Mobile hospitals carry smiles to rural IndiaApril 7th, 2008 - 10:06 am ICT by admin
By Azera Rahman
New Delhi, April 7 (IANS) If they can’t come to us, let us go to them. Armed with this ideology, a mobile hospital with all amenities for basic health care services, given free, has been doing the rounds in rural India across five states. Now it will run on Delhi’s roads. ‘Smile on Wheels’, as the mobile hospital is called, is an initiative of the Smile Foundation, an NGO based in Delhi.
Started in the year 2006, this initiative has until now reached nearly 750,000 people in 249 villages across Uttarakhand, Chhattisgarh, Orissa, Uttar Pradesh and Maharashtra.
Under this programme, five vans travel the roads of each of these states everyday, covering more than 25 km and two-three villages on rotation basis, rendering health care free.
Shantanu Mishra, one member of the executive committee, the think tank of the programme, said the van is now ready to run on Delhi’s roads and reach out to the underprivileged.
“Mobility is extremely important in health care. In villages where a proper hospital is miles away - and the one which might be close by, like the government hospital, is almost always without any staff - health care always takes a back seat. This programme is a step to address that issue,” Mishra told IANS.
“In this programme, the mobile hospital which has all the services required for basic health care, especially for women, goes from village to village and gives the underprivileged the health care which they need but cannot afford,” he added.
The vans, painted bright green and yellow with happy faces of children, are laden with all the necessary equipments and services like an X-ray machine, ECG machine, basic pathological services for blood and urine test, ante-natal and post-natal services and an out-patient department for common ailments.
The staff also distribute condoms and oral contraceptive pills and lay emphasis on family planning. Iron folic tablets, especially for women, a majority of whom are anaemic, are distributed as well.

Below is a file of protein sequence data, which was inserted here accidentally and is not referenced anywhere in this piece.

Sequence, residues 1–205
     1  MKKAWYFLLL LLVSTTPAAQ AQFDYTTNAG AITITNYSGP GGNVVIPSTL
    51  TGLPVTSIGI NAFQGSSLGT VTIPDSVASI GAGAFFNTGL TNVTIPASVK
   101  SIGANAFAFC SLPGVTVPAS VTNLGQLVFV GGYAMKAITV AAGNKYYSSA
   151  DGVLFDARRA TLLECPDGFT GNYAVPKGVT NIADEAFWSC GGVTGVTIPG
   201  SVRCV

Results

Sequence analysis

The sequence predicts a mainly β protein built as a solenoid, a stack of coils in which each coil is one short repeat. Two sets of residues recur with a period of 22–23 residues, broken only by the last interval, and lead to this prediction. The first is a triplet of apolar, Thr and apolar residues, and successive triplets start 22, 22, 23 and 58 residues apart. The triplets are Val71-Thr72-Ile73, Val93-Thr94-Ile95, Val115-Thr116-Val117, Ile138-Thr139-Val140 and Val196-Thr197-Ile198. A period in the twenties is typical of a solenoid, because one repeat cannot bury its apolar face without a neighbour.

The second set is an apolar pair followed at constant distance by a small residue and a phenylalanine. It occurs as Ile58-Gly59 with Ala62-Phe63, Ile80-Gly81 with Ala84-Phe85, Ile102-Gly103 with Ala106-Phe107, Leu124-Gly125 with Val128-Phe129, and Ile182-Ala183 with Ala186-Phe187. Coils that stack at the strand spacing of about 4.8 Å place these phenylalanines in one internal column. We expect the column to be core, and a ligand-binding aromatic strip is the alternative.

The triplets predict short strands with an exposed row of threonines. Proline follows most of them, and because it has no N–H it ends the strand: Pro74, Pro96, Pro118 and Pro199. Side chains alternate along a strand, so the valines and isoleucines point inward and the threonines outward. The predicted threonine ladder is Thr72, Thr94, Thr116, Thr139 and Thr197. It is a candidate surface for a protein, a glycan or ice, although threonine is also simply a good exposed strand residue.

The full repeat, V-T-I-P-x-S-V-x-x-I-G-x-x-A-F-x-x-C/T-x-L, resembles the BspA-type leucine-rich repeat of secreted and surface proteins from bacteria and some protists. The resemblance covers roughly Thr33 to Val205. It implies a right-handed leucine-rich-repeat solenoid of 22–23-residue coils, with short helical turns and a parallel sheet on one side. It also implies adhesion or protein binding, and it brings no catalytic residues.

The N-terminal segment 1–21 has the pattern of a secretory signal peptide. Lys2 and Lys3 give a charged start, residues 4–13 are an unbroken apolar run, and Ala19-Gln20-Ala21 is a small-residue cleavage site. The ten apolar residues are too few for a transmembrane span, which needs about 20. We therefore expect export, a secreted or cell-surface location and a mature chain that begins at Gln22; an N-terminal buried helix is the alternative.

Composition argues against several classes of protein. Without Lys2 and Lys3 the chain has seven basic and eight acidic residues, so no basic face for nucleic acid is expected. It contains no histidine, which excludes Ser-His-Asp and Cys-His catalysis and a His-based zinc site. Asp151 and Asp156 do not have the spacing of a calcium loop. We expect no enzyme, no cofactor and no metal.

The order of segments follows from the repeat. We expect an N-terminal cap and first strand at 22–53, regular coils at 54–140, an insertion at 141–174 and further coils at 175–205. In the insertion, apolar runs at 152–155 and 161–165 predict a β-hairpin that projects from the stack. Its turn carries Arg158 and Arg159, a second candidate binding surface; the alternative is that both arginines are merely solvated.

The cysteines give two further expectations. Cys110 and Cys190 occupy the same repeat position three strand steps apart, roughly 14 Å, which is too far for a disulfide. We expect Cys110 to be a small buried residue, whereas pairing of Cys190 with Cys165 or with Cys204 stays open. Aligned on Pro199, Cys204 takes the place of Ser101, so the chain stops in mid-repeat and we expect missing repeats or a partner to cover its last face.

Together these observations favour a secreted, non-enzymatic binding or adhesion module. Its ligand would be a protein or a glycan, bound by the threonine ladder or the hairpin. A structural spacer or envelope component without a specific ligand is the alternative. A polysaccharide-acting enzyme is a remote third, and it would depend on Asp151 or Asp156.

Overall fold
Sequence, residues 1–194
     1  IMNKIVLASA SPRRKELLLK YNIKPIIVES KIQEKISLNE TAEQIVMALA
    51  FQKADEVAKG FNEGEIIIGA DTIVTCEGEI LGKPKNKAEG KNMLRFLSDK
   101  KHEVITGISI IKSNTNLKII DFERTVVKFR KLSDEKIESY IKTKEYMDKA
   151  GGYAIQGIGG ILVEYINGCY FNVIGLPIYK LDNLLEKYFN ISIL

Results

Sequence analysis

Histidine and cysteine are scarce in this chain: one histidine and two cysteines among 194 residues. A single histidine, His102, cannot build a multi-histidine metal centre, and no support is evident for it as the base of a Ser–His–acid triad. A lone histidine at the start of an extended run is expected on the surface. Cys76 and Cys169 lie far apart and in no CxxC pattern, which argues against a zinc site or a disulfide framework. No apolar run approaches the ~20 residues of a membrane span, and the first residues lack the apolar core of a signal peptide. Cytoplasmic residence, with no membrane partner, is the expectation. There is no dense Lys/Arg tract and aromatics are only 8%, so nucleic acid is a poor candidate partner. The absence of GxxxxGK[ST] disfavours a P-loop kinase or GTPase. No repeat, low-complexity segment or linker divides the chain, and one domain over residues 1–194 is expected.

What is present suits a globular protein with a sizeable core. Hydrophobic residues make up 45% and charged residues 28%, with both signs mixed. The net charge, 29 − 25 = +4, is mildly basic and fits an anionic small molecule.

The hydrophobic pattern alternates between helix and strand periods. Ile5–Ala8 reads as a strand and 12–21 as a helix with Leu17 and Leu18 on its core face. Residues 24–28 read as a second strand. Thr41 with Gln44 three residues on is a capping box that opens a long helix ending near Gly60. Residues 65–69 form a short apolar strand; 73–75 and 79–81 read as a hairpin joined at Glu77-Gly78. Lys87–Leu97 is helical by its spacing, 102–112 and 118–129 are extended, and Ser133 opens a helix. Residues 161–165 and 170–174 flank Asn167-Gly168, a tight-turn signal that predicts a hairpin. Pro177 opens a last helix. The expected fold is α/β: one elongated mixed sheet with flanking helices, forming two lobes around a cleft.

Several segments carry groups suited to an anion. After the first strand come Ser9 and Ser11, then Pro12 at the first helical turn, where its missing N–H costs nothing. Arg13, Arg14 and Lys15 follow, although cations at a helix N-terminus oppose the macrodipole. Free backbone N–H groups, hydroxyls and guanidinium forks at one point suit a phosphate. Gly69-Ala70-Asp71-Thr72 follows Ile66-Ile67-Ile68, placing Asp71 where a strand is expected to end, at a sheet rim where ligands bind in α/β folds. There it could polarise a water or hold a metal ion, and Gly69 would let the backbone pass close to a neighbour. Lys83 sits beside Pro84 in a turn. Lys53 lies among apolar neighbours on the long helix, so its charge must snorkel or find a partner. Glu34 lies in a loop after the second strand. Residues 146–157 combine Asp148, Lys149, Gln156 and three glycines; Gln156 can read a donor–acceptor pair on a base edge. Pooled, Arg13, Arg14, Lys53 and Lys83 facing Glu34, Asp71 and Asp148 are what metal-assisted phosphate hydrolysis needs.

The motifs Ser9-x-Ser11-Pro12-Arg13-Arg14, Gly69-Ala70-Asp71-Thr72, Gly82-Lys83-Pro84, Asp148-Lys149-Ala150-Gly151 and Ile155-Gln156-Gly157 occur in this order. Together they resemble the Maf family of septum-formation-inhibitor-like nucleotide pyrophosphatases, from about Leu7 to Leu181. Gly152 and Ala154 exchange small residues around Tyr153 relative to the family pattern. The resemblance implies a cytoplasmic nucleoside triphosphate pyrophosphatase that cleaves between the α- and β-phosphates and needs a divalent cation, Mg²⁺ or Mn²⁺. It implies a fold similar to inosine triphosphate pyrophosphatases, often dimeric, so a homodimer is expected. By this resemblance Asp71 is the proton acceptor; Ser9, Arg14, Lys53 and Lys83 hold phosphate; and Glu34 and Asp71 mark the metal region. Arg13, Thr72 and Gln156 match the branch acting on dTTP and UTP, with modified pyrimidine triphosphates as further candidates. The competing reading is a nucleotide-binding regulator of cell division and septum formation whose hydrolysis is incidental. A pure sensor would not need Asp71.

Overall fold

“We have partnered with local organizations in all the five states in order to run this programme. In Uttar Pradesh, it’s a corporate trust, in Orissa it’s an event-based organisation and so on,” Mishra said.
“The selection of the states has been random. As we go on, we are learning a lot and ultimately we plan to implement this programme in all states of the country,” Mishra added.
One of the lessons learnt was that the X-ray machine was not working accurately because of some fault in mounting it in the van and lack of a dark room. With a change in the technical design, this fault has now been rectified.
An important aspect of this programme is that after taking rounds of the villages, the doctor and the medical staff return to the centre in the town.
“Since the doctor knows that at the end of the day he can go back to his family in the town, we have got good support. It’s not like doctors of the government hospitals, who for lack of a vision of a bright future in the rural areas, hardly attend to the needs of their patients in the villages,” Mishra said.
The vans are to run on Chennai roads as well.
“The programme has been launched in Delhi April 1 but by the time they actually ply on the roads it will be a month. The van is ready, with all the medical amenities. We are just working out the areas where the van will ply… it will basically be the slum areas in and around Delhi,” he added.
Ultimately, the programme aims to run a fleet of 30 fully equipped mobile medical vans in collaboration with local NGOs and reach out to over four million people.
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